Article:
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Science, Technology, Engineering and Mathematics

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Why is STEM important?

Science, Technology, Engineering and Mathematics (STEM) touches every aspect of our lives, from our smartphones to the technologies that enable us to explore the world around us and outer space. It also drives innovation in our fast-changing global economy. To succeed in this environment and for Queensland to continue to prosper into the future, our students need a strong foundation in STEM.

We need a reliable pipeline of specialist STEM skills; but we also need informed workers, users and consumers who have the curiosity and imagination to be part of the broader STEM economy. This must be underpinned by lifetime engagement for all Australians with STEM, beginning in childhood and constantly renewed as knowledge and technologies expand.

(Office of the Chief Scientist STEM: Australia's Future, September 2014, p21)

A strategy for STEM in Queensland state schools

A strategy for STEM in Queensland state schools (PDF, 654KB) document details the Queensland Government's plan for the direction of science, technology, engineering and mathematics (STEM) education.‚Äč
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With employment in STEM growing two times faster than non-STEM occupations, key aspects of the strategy focus on:

  • building teacher capability to transform STEM learning
  • increasing student engagement in STEM learning
  • achieving excellence in STEM learning.

The STEM strategy aligns with Advancing education: An action plan for education in Queensland. The strategy is further complemented by #codingcounts which focuses on coding and robotics in Queensland schools.

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Robots and drones in Queensland State Schools

Australian Curriculum: Digital Technologies provides opportunities for students to develop skills through coding and the use of robots and drones.

The Department of Education has developed advice and resources for schools to assist in the use of robots and drones in Australian Curriculum: Science Technology and Maths. The Queensland Drones Strategy encourages the use of drones in implementing the Australian Curriculum.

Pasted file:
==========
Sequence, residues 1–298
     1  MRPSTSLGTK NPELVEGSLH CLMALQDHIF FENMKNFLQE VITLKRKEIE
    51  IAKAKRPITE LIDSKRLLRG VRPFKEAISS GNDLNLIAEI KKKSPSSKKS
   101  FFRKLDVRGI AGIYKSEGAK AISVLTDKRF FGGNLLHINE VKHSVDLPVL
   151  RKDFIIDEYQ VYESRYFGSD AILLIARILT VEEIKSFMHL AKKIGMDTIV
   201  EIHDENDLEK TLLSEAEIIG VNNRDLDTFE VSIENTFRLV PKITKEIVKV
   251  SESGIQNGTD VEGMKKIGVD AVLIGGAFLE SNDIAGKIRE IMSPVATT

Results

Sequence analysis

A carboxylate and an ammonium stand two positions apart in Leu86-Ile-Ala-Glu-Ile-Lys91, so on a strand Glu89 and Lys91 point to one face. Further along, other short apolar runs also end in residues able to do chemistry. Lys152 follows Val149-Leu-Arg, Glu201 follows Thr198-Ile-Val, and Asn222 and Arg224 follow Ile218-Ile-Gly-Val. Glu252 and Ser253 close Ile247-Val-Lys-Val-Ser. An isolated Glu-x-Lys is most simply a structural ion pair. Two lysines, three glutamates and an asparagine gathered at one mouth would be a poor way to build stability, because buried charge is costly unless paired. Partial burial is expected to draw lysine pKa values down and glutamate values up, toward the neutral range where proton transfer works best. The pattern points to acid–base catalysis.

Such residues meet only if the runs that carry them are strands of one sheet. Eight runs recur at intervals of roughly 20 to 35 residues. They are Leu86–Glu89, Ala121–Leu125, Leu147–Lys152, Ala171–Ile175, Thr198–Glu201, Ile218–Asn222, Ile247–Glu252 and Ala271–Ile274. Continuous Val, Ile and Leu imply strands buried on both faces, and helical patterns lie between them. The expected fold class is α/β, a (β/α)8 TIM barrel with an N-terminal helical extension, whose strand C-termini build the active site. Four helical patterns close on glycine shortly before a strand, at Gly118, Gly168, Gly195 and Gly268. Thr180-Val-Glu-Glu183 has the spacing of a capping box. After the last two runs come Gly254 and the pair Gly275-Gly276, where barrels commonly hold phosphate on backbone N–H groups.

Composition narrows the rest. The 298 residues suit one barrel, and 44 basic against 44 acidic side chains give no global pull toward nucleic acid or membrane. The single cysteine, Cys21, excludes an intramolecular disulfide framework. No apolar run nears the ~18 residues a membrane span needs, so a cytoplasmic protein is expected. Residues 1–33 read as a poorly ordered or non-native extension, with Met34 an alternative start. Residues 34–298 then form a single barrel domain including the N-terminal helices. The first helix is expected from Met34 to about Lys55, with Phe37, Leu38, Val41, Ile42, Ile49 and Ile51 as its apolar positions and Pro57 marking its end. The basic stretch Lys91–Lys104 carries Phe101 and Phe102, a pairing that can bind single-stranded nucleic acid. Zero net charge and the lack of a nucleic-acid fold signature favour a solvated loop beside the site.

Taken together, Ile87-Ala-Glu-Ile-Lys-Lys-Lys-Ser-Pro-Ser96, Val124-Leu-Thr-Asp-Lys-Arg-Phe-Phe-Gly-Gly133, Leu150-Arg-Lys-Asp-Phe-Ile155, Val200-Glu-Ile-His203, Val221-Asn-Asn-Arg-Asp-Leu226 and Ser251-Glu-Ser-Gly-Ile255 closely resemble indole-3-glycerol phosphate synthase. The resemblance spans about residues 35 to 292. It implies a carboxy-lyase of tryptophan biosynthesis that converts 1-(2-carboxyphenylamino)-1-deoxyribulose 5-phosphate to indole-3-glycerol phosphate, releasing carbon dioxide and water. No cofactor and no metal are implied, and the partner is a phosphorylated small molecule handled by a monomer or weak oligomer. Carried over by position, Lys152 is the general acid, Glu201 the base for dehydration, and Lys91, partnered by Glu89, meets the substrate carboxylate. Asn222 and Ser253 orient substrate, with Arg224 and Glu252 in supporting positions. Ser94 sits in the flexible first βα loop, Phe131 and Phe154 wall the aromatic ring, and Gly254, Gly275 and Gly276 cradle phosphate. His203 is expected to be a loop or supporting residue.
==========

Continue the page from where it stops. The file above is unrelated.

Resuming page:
Entrepreneurs of Tomorrow school grants

One hundred and sixteen state primary and high schools (DOCX, 23KB), including some clusters of schools, will share in 100 Entrepreneurs of Tomorrow grants. The schools or cluster of schools each receive or share in a $16,600 grant to nurture the next generation of digital entrepreneurs. Entrepreneurial skills are essential to drive innovation, productivity and global awareness. Schools will use their coding, robotics and entrepreneurial programs to provide opportunities for students to create innovative digital solutions and to connect with industry expertise. Schools will build students' entrepreneurial skills through real world experiences by inspiring them to be the creators of Queensland's future.

STEM hub

The STEM hub brings together information, resources and advice for students and parents wanting to learn more about STEM. Visit the hub to find out more about:

  • STEM subjects
  • STEM resources for students and parents
  • STEM careers and pathways and the wide-ranging opportunities that a STEM career can offer
  • STEM events, such as the Peter Doherty Awards
  • why STEM is important to our future, plus much more.

STEM Girl Power Camp

The STEM Girl Power Camp is an annual initiative of Advancing Education - An action plan for education in Queensland. The camp encourages girls to participate in STEM by engaging in a range of exciting STEM experiences and inviting them to inspire other students by being a STEM ambassador in their school and community.

The camp coincides with the annual World Science Festival Brisbane.

STEM review

As part of its commitment to Advance Queensland, the Queensland Government has prepared an Interim review of STEM education in Queensland state schools. The review is based on a 2015 survey of more than 900 Queensland state school principals and was guided by a Griffith University literature review of international best practice in STEM. The main findings of the review support strategies to scale-up STEM education in Queensland schools, and confirm a need for:

  • greater STEM participation from female and Aboriginal and Torres Strait Islander students
  • more research in the emerging areas of engineering and computer programing in schools
  • continuing external STEM partnerships between schools, industry, tertiary institutions and education organisations
  • more professional development in STEM for primary school teachers.

Read the full Interim review of STEM education in Queensland schools (DOCX, 3.9MB) .

Last updated 05 November 2018